Apple touts Japanese job creation, boost to nation's economy
Apple Japan published a special informational page to its regional website on Monday detailing how the company's various hardware, software and services businesses have positively impacted the Asian nation in 2015.
According to Apple's own tally, it has created some 715,000 jobs in Japan either through direct employment or as it relates to hardware suppliers, app development firms and other related companies. The Yomiuri Shimbun mentioned the data in a report earlier today, which was later picked up by Japanese language Apple blog Mac Otakara.
Citing data published by Dr. Michael Mandel of the Progressive Policy Institute in April, Apple reports 445,000 Japanese citizens worked in areas related to the iOS and App Store ecosystem. As a testament to the operating system's impact on the country's economy, Apple said it paid out $9.6 billion to 532,000 Japanese developers in 2015.
As for job creation, Apple currently employs 2,900 people in its stores, supply chain, operations and other corporate offices. The company staffs each of its eight Japanese Apple Stores with an average of 100 employees, most of whom work on a full-time basis.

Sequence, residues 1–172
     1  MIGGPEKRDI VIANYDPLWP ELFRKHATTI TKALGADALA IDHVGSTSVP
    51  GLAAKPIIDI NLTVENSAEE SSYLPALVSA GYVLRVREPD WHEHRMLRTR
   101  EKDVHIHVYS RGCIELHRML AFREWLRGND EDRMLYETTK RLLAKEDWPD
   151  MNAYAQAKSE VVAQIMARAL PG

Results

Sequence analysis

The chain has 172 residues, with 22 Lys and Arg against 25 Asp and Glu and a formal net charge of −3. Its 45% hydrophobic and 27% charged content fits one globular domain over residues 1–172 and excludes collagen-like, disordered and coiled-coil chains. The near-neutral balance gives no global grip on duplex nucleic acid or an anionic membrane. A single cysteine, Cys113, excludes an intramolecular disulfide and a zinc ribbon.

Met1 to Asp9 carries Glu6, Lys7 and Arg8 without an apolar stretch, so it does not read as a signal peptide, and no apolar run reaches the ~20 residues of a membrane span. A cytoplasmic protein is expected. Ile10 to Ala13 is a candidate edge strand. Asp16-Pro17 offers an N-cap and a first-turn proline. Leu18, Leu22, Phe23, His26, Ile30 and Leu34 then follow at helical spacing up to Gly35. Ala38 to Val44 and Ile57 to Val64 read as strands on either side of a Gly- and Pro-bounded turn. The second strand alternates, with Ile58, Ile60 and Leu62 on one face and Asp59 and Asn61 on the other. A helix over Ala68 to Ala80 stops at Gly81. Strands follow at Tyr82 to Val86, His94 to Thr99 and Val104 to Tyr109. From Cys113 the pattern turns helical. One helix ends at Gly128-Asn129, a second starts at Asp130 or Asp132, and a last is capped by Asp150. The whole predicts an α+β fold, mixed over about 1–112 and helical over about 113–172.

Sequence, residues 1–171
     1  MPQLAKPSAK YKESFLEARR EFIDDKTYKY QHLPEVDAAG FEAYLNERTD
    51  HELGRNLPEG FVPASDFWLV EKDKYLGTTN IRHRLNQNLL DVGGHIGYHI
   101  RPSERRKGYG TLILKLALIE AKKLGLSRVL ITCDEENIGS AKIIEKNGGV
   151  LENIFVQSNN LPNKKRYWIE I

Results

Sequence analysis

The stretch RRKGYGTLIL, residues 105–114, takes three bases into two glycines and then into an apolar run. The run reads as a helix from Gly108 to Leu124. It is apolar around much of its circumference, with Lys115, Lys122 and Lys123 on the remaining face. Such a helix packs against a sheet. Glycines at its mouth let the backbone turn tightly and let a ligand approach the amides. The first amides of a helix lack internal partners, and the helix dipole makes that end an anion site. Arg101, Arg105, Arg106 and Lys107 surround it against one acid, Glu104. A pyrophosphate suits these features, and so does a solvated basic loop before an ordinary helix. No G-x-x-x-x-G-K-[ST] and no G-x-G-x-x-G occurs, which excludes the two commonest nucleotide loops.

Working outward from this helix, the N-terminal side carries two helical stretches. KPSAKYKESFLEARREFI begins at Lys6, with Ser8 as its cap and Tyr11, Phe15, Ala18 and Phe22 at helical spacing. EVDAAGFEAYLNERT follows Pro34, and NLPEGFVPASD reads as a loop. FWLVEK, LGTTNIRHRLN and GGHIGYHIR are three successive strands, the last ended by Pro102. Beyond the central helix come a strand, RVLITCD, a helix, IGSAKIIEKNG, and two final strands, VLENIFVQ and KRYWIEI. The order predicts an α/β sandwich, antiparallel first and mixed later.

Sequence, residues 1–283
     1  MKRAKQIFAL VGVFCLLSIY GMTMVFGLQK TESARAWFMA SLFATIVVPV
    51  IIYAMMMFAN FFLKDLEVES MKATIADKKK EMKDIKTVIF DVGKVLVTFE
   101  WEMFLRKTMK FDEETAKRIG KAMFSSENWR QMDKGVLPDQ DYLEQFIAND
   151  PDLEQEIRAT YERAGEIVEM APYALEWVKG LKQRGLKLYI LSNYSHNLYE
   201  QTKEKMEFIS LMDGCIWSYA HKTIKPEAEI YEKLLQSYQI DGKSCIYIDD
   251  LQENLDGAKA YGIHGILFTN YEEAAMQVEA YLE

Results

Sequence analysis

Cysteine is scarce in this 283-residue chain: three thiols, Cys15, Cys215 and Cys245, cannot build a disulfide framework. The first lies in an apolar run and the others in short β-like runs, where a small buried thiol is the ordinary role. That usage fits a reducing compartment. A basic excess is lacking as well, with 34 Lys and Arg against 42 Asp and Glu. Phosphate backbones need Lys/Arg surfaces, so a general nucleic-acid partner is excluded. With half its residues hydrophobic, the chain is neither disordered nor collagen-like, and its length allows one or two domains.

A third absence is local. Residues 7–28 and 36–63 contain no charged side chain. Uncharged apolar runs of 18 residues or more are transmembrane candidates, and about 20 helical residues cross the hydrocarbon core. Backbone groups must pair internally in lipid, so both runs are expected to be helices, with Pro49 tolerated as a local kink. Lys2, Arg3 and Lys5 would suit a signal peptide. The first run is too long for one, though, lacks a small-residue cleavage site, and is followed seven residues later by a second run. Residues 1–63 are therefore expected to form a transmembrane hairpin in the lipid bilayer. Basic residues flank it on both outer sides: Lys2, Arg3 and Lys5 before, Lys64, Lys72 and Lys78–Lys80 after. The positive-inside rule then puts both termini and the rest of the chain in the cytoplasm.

Finally, Apple outlined its Japanese supply chain, noting 865 businesses currently provide goods and services to be used in a variety of Apple products.
For example, Kantatsu has been designing and manufacturing precision optical components for iPhone cameras since 2013, while Teikoku Printing Inks Manufacturing Co. has provided the ink used to coat iPhone bezels since the original model launched in 2007. Cashew, a small company from Omiya, was also profiled for delivering environmentally friendly anti-scratch coatings that have been used in Apple products, including iPhone, for ten years.
Apple continues to invest heavily in Japan, a key foothold in the East Asian market. Looking ahead, Apple will open a research and development center in Yokohama next year that is expected to tap into local talent specializing in materials science, vehicles and health industries.